(an East St. Louis based poet, journalist,
performer, and educator)
appear and perform
Tuesday, April 20, 2010, 6 p.m.
Southern Illinois University Edwardsville
East St. Louis Higher Education Center
Room 2083 Building B
601 J. R. Thompson Drive
East St. Louis IL 62202
In Honor of National Poetry Month
This program is Presented by the EBR Writers Club
A regional editor of Drumvoices Revue and a
Cave Canem fellow, Williams’ performance abilities
have been showcased on various projects, most
recently on American Public Media’s Weekend America,
and the Turner South Television commercial My South
Speaks. Currently an assistant professor of English
at Southwestern Illinois College, she received an
MFA in creative writing from the University of
Memphis. She is the daughter of East St. Louis Poet
Laureate Eugene B. Redmond.
Treasure Williams is
one of the most exciting emerging
literary voices to date. Born in
Meridian, MS, Treasure traveled the
world as a Hip Hop artist signed to M.
C. Hammer’s Bust It Records before
attending Jackson State University and
then The University of Memphis, where
she received an MFA in Creative Writing.
Treasure began writing seriously in the
mid nineties while performing as an
underground artist in Oakland
California. She gained prominence in the
Spoken Word scene, performing with other
noted authors of color; among them Asha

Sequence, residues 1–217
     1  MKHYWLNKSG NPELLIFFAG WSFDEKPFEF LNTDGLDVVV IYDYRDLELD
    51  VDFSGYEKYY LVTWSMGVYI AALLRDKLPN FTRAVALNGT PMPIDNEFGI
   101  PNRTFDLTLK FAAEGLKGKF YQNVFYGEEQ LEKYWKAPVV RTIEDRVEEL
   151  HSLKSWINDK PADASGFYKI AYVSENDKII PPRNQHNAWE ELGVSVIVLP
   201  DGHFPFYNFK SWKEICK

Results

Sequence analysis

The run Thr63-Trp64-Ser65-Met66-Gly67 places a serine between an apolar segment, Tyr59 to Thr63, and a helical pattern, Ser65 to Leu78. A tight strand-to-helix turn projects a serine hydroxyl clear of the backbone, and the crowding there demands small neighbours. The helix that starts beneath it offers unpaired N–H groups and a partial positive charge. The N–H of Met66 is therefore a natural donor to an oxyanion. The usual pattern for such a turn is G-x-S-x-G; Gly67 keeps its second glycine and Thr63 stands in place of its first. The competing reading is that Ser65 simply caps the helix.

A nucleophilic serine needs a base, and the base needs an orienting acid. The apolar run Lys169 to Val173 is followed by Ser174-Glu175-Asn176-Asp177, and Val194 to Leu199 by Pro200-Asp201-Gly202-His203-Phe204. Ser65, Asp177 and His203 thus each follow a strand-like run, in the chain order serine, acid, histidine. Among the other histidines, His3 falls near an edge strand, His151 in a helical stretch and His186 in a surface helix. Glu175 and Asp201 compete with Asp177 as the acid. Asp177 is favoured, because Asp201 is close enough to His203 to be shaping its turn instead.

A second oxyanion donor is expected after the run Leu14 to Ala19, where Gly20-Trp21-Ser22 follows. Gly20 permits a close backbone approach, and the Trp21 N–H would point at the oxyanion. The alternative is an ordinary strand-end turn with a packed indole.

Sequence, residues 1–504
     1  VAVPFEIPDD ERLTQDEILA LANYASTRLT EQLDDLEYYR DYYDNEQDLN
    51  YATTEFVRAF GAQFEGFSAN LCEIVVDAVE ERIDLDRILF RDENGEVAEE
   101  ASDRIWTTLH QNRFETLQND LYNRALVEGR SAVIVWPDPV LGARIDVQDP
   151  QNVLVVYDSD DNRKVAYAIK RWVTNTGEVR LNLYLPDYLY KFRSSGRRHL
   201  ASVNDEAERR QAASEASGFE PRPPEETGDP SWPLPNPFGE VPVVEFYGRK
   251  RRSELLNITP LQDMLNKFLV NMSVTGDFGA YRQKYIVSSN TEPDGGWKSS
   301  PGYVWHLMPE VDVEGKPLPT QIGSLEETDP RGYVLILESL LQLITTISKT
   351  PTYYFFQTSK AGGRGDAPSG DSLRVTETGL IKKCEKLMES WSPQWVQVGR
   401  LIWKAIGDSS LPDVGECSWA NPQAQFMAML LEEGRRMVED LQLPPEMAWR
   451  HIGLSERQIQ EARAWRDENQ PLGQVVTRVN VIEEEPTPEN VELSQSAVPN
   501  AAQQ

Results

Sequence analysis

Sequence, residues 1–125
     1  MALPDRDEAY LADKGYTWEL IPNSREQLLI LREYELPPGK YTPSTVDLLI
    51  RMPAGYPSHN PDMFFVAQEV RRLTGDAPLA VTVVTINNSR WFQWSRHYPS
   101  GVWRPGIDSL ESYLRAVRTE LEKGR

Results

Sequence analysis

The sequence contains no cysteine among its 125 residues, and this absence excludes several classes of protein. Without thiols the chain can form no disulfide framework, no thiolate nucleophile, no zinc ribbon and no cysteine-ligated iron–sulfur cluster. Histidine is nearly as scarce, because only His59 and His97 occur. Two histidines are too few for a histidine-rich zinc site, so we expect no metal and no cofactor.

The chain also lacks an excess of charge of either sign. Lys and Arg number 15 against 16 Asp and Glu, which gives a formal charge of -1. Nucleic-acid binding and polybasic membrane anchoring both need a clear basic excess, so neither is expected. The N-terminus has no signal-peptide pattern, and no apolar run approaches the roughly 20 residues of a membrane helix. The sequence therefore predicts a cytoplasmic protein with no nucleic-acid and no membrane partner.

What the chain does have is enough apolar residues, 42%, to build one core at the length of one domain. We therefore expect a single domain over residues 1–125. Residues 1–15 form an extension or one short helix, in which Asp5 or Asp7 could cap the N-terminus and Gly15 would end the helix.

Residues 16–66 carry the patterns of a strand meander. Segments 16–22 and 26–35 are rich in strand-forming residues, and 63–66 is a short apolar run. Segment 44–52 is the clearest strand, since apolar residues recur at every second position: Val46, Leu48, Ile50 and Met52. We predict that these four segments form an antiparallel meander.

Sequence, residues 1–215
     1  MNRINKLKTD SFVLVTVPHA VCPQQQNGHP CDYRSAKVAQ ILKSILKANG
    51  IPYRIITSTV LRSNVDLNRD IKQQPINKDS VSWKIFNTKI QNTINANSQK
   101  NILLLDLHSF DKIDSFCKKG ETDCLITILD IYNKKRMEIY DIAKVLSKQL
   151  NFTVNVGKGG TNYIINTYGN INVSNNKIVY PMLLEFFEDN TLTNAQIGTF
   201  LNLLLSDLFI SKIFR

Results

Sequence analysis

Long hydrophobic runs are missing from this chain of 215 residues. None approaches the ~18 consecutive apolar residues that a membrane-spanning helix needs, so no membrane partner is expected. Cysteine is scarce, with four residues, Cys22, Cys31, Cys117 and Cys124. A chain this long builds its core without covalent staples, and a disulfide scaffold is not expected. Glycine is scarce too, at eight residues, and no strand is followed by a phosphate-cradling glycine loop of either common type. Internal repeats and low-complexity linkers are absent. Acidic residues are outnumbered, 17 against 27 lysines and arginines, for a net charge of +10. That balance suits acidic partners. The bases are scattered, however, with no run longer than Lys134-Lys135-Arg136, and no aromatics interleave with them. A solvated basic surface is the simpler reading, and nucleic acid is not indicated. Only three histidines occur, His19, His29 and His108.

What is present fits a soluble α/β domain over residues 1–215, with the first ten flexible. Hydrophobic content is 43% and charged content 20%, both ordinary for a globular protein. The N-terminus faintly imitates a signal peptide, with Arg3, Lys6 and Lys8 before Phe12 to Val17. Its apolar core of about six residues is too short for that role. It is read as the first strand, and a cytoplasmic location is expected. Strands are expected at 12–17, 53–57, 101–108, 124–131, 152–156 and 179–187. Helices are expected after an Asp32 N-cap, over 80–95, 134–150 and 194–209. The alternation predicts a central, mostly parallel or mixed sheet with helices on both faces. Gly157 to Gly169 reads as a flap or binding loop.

Bandele and Ras Baraka. Treasure has
released two Hip Hop CDs—Drop the
Axxe (Bust It Records, 1991) and
Treasure (Airtight Productions,
1998). Her short stories have appeared
in Obsidian and Drumvoices
Revue. Her poetry has been featured
in Drumvoices Revue, Obsidian
III, Cave Canem: 2000 Anthology,
Cave Canem: 2001 Anthology, and Bum
Rush the Page.
She can also be
found on the web at Cave Canem: A Home for Black
Poets online website (http://ww.cavecanempoets.org/index.html).
Her current projects include a completed poetry
manuscript entitled “feeding the dead” and a novel
in progress entitled FISH.
* * * *
By Treasure Williams
you threw a tantrum
before you were born.
i could tell
by the stubborn look
on your bloody grey face;
holding your breath, marching,
arms folded, toward death.
you were a point on the map we wanted to
you were a thing trying to go back.
by your own umbilical cord.
until the doctor cut you
and then they rubbed you
a place you came to unwillingly;
crying because i
hugged you so tightly.
omwumbiko is an igbo word that means
“death, i implore you.”
* * * *
Plus Special Feature: Kwansabas from the Soular
Eugene B. Redmond
SIUE, Black River Writers Press.
Founded in 1986 and chartered by Sherman Fowler,
Darlene Roy and Redmond, the Writers Club meets on
the first and third Tuesday, September-May, in the
room listed above. For more information about the
Club or area cultural-literary activities, call 618
650-3991 or write the Club at P.O. Box 6165, East
St. Louis, Illinois 62201; email:
* * *
(Books, DVDs, Music, and more)